Washington, Oct 13 (EFE).- The United States said Friday that North Korea has sent to Russia over a thousand containers full of military equipment and ammunition to be used in the war in Ukraine.
John Kirby, White House spokesman, announced in a press conference that he has information about this transfer of armament, about which Washington had warned weeks ago, and which takes place after the meeting in September between the North Korean leader, Kim Jong-un, and the Russian president, Vladimir Putin.
“Our information indicates that in recent weeks, North Korea has provided Russia with more than 1,000 containers of military equipment and ammunition,” he said.
The White House released images allegedly showing the transfer of weaponry from North Korea to Russia.
The images detail in a written caption that between September 7 and October 1, several containers were shipped from the port city of Nakhin, North Korea, to Dunay, Russia.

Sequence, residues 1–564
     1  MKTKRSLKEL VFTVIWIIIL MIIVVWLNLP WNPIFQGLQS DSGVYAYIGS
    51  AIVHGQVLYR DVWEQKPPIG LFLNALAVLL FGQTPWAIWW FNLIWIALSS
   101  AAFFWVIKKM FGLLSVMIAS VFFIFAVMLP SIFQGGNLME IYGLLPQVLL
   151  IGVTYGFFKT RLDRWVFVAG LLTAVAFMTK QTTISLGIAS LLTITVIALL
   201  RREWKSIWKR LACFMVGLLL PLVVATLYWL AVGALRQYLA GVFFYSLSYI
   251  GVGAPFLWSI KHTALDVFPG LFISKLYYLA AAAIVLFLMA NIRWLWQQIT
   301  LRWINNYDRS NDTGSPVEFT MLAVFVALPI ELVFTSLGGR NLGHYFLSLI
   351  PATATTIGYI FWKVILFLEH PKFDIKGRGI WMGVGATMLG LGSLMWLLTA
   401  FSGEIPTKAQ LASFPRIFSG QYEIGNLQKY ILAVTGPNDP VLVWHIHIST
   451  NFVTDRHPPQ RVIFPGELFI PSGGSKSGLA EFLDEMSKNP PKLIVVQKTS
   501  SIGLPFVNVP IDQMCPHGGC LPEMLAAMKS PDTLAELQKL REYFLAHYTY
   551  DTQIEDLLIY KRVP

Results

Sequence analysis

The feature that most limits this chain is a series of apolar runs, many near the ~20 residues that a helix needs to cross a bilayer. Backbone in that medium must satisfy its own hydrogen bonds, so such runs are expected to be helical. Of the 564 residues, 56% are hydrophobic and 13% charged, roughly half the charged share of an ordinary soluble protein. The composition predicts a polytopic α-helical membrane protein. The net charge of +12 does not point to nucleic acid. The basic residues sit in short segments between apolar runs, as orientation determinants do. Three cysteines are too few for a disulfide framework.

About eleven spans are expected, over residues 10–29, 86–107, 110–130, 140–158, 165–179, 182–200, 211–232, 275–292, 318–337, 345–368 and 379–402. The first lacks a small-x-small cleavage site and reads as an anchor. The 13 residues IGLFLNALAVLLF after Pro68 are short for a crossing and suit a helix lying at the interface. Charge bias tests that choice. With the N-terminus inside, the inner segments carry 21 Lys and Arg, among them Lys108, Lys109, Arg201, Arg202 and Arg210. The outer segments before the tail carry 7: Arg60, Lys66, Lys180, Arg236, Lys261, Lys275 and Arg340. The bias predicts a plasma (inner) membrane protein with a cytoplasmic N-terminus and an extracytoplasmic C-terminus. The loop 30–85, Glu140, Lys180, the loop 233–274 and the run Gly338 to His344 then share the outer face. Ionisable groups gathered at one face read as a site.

From Dunay, the containers were moved by train to an ammunition depot in southwestern Russia near Tikhoretsk, about 290 kilometers (180.198 miles) from the Russian border with Ukraine.
“We condemn North Korea’s decision to provide Russia with this military equipment used to attack Ukrainian cities, kill civilians, and strengthen Russia. It is an illegitimate war. We will continue monitoring additional arms shipments from North Korea to Russia,” Kirby added.
According to the spokesman, in exchange for these arms shipments, Pyongyang wants Moscow to provide it with sophisticated missile systems, including surface-to-air missiles and ballistic missiles, which North Korea allegedly needs for its nuclear program because its technology in that area is less advanced.
Washington is closely watching whether Moscow will deliver such materials to Pyongyang and has already detected Russian ships unloading containers in North Korea, which could constitute initial material deliveries from Russia, Kirby said.
The United States has already accused North Korea of providing Russia with ammunition and artillery for the war in Ukraine. EFE